“This rubber-stamp business is not like it used to be,” John Casey, the proprietor, a fleshy Irishman with the face of Paul Revere, said as he rang her up. “I used to have a dozen suppliers. I’m down to three, and they don’t care as much as they used to.” The company that sells him his ink doesn’t make pads; the company that makes pads has no interest in ink. Such is life, running a small business in New York. “What can you do?” Casey said, sticking out his tongue. “That’s the way it goes.”
New Yorkers have an uneasy relationship to change. Mourning the loss of old city habitats is as quintessential a part of the New York experience as pizza by the slice and the twenty-four-hour diner, that endangered species. At the same time, we have new places to go, and we like to get to them in a hurry. We want our future, but not at the cost of our past, and it’s that delicate balance that seems increasingly off. “It’s the same problem Casko’s friend Andy had with his nuts,” Shopsin writes, in her book. “New York is too hot for its sperm to live. Young, scrappy pilgrims and the fringe cannot survive. New York is becoming sterile.” As for what happened with Andy and his nuts, you’ll have to consult the book.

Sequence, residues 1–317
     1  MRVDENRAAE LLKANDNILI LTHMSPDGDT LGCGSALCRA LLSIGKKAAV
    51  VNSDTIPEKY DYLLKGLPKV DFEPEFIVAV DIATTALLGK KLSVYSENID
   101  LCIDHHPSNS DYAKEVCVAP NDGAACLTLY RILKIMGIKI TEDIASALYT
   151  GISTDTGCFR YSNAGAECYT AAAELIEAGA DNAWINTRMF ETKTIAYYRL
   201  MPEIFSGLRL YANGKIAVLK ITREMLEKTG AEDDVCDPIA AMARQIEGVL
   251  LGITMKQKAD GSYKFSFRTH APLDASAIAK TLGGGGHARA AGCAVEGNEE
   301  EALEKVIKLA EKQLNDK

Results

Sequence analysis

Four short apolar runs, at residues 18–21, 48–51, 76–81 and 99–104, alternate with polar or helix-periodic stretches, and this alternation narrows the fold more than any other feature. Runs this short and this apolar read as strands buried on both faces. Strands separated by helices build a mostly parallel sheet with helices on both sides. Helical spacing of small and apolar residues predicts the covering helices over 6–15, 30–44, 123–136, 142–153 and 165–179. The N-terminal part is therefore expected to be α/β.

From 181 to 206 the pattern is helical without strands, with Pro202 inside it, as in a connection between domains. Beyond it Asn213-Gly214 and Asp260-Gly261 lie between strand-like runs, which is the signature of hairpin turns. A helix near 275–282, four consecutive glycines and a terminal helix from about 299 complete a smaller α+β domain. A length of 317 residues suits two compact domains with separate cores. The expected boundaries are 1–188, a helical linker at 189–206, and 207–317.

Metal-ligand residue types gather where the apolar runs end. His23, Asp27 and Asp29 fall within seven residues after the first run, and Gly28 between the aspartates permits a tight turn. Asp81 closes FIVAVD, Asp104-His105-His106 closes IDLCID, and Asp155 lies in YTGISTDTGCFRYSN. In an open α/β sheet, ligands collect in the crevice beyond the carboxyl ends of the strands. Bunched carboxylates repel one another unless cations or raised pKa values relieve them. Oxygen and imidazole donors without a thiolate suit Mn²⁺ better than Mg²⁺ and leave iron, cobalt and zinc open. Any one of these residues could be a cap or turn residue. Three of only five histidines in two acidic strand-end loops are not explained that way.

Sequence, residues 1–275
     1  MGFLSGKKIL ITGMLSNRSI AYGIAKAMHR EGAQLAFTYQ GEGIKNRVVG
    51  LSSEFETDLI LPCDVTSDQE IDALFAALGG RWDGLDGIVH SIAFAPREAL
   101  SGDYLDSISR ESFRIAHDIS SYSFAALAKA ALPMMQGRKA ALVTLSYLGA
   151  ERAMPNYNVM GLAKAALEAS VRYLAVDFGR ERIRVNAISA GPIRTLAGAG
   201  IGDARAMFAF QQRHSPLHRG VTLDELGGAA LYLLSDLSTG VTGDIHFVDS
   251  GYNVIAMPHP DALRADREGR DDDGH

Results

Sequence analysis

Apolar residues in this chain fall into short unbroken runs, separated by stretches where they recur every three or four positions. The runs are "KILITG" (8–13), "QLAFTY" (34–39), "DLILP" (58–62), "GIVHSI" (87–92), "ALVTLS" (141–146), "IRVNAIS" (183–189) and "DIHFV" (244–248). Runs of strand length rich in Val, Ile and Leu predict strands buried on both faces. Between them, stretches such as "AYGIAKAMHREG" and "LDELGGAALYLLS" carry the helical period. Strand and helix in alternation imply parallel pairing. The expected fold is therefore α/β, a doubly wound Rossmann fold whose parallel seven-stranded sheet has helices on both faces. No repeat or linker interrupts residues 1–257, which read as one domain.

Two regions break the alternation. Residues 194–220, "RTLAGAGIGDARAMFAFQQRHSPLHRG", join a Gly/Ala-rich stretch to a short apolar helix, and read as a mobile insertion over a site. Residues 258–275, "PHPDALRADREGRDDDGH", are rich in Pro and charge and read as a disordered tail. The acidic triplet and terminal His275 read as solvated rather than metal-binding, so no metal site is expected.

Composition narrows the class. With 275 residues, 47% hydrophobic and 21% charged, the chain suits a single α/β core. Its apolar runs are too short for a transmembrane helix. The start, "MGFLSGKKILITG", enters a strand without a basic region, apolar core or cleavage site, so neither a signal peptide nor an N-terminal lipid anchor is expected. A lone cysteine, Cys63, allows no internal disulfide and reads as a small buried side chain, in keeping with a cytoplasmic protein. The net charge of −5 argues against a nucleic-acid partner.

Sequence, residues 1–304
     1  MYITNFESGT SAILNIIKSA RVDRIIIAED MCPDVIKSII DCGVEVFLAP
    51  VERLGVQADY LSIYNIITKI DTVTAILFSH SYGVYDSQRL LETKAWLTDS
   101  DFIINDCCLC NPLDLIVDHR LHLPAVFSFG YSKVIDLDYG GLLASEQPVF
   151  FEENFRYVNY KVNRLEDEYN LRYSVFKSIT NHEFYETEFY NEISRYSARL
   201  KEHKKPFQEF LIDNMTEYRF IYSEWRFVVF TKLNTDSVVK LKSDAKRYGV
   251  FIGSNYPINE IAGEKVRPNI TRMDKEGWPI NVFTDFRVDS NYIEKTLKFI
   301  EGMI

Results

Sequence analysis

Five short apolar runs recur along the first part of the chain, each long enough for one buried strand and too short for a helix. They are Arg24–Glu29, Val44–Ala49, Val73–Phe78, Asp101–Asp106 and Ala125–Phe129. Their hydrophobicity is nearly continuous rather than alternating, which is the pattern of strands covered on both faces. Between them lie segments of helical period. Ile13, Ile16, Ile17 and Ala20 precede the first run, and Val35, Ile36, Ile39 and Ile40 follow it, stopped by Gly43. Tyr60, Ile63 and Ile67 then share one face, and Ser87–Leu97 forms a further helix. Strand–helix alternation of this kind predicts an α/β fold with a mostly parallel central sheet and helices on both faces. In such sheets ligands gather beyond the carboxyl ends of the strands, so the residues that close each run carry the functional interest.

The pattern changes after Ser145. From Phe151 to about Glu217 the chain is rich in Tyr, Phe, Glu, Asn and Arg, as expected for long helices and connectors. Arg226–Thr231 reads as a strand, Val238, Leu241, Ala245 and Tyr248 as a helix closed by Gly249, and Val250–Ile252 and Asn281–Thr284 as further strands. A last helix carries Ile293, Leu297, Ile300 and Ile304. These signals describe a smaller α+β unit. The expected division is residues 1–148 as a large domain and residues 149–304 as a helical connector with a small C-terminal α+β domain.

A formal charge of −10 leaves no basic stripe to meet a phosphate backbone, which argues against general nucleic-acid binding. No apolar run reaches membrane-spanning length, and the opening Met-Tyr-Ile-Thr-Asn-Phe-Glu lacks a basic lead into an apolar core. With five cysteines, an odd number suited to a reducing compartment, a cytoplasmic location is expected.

But “Arbitrary Stupid Goal” doesn’t wallow, and it doesn’t sulk. It is full of the spry, witty spirit of the old Village, the neighborhood’s magical realness. Writing the book was therapeutic for Shopsin. It helped her make some peace with her loss. “I try to stay upbeat and positive,” she said. “I just feel, like, New York has so much, and even though it’s hemorrhaging small businesses and things it’s still totally the best city.” She paused. “But it’s definitely terrible.” The Essex Market is one good thing, though, a functioning, friendly polity in cheerful miniature. And The Store still exists, even if it’s not the same. There had been a heartening incident just that morning. A woman had violated Kenny’s one-child policy: one kid per customer, no exceptions. Luke, Shopsin’s waiter, spotted her in line and told her to leave. The woman sat down at a table. Kenny called market security. The woman held her ground. Security called the cops. The woman left. Some customers might find that appalling. Those customers are wrong.
This content was originally posted on The New Yorker.